Asia, India, Garhwal, Bhagirathi III (6,454m), Direct Southwest Pillar, Stairway to Heaven

Publication Year: 2005.

Bhagirathi III (6,454m), direct southwest pillar, Stairway to Heaven. From the summit of Shivling in 1996 I saw the challenge: to find a direct route on the ridge of Bhagirathi III, because the southwest pillar route by the Scottish team of 1982 didn’t follow the actual ridgeline of the southwest pillar. I wanted to master the route with free climbing and in alpine style. I wanted the route to be difficult and challenging, but Jörg Pflugmacher and I, both from Bavaria, also wanted to exclude any unpredictable risks to our lives. This is why we used bolts at belay stations and at dangerous points in free climbing—the style was similar to Wolfgang Güllich’s on Nameless Tower in Pakistan.

On my 2001 expedition with Robert Jasper we started from the west face basin. The conditions were very bad: considerable snow and ice. The difficulty from the start to the pillar’s ridge (10 pitches) was M7+. In the 2004 expedition we started from the foot of the directsouthwest pillar and free-climbed more than 30 pitches of 5a to 7b (French scale), with the exception of two pitches that might be a real challenge to any climber who repeats our route. Due to a snowstorm in the upper region we couldn’t climb higher on the iced slabs and had to move to another crack system with the help of a pendulum traverse. More information can be found (in German) at www.expeditionsberg- Please see “Berichte” (reports) for photographs of the 2001 and 2004 expeditions. [Additional details also in Lindsay Griffin’s summary, below—Ed.]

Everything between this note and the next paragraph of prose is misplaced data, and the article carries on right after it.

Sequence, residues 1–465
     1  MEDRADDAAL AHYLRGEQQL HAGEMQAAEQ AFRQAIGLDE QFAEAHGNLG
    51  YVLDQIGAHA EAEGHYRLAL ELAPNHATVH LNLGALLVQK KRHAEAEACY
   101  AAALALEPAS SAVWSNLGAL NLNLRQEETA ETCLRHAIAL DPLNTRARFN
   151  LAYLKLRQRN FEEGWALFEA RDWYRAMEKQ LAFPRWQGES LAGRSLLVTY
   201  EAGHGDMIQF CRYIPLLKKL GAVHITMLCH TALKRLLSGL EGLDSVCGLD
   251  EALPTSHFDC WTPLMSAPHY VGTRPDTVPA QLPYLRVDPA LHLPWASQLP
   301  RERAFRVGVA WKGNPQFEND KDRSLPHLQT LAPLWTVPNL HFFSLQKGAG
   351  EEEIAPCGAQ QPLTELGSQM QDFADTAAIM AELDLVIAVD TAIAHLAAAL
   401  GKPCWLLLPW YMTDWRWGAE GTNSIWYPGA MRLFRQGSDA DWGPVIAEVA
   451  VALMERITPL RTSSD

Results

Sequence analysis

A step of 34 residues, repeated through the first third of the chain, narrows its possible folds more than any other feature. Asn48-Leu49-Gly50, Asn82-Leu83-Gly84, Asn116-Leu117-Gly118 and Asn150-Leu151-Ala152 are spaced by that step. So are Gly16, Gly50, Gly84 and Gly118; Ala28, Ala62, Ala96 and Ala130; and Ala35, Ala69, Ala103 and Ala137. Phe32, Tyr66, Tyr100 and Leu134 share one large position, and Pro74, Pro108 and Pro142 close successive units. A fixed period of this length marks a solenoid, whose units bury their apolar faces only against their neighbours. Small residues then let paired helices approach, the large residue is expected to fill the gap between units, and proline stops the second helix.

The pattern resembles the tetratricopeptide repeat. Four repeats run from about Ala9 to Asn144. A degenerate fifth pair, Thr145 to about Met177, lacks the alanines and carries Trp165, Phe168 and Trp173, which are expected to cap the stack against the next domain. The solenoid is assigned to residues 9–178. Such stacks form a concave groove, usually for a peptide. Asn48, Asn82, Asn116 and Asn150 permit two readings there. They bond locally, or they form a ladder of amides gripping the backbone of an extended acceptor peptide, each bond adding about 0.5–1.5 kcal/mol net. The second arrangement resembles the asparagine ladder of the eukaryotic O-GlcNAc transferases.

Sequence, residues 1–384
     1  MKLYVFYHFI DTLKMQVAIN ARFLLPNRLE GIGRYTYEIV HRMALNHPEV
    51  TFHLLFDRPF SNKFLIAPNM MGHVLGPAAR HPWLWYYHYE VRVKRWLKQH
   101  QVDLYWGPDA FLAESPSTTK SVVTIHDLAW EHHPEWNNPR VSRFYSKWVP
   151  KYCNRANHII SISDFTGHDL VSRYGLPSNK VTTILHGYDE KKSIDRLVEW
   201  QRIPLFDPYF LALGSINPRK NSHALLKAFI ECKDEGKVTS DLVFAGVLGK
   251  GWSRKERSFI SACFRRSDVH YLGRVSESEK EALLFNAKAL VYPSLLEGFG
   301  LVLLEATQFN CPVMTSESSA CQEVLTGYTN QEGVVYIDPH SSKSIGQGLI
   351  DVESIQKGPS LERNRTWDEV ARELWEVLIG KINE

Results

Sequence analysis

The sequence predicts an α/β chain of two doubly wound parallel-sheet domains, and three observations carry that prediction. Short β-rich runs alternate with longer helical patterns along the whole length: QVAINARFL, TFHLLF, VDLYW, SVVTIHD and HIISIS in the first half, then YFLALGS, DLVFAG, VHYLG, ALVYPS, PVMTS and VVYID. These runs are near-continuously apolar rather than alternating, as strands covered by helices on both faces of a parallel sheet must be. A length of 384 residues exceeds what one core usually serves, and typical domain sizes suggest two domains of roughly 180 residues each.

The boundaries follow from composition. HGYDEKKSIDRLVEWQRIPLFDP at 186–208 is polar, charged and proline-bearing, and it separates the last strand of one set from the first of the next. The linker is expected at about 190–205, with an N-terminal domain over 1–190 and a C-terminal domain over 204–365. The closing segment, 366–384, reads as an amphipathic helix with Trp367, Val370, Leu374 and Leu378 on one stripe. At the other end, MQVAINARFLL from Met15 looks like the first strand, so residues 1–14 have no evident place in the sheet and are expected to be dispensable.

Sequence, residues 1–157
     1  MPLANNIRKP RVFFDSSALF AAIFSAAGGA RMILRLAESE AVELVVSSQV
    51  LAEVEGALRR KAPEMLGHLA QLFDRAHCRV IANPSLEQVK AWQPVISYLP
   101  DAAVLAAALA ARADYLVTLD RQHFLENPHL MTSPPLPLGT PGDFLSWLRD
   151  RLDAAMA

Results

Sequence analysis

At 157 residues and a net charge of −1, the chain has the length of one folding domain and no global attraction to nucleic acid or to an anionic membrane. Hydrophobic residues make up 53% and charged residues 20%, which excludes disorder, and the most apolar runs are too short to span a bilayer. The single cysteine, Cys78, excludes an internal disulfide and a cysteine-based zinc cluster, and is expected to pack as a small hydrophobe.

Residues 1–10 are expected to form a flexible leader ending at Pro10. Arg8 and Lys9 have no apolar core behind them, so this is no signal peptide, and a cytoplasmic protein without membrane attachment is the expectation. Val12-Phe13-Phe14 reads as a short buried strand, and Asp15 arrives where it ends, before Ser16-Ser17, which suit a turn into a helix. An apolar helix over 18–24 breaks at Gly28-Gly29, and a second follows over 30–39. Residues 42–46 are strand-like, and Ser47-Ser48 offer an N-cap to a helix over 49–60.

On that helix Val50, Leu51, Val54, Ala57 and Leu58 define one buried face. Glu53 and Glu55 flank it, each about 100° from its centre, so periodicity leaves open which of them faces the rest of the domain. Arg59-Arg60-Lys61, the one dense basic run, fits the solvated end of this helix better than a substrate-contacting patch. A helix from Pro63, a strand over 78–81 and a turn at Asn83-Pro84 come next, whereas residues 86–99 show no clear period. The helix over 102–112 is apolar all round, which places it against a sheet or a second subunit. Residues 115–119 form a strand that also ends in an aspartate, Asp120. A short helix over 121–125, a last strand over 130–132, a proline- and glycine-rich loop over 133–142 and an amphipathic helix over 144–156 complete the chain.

Walter Hölzler, Germany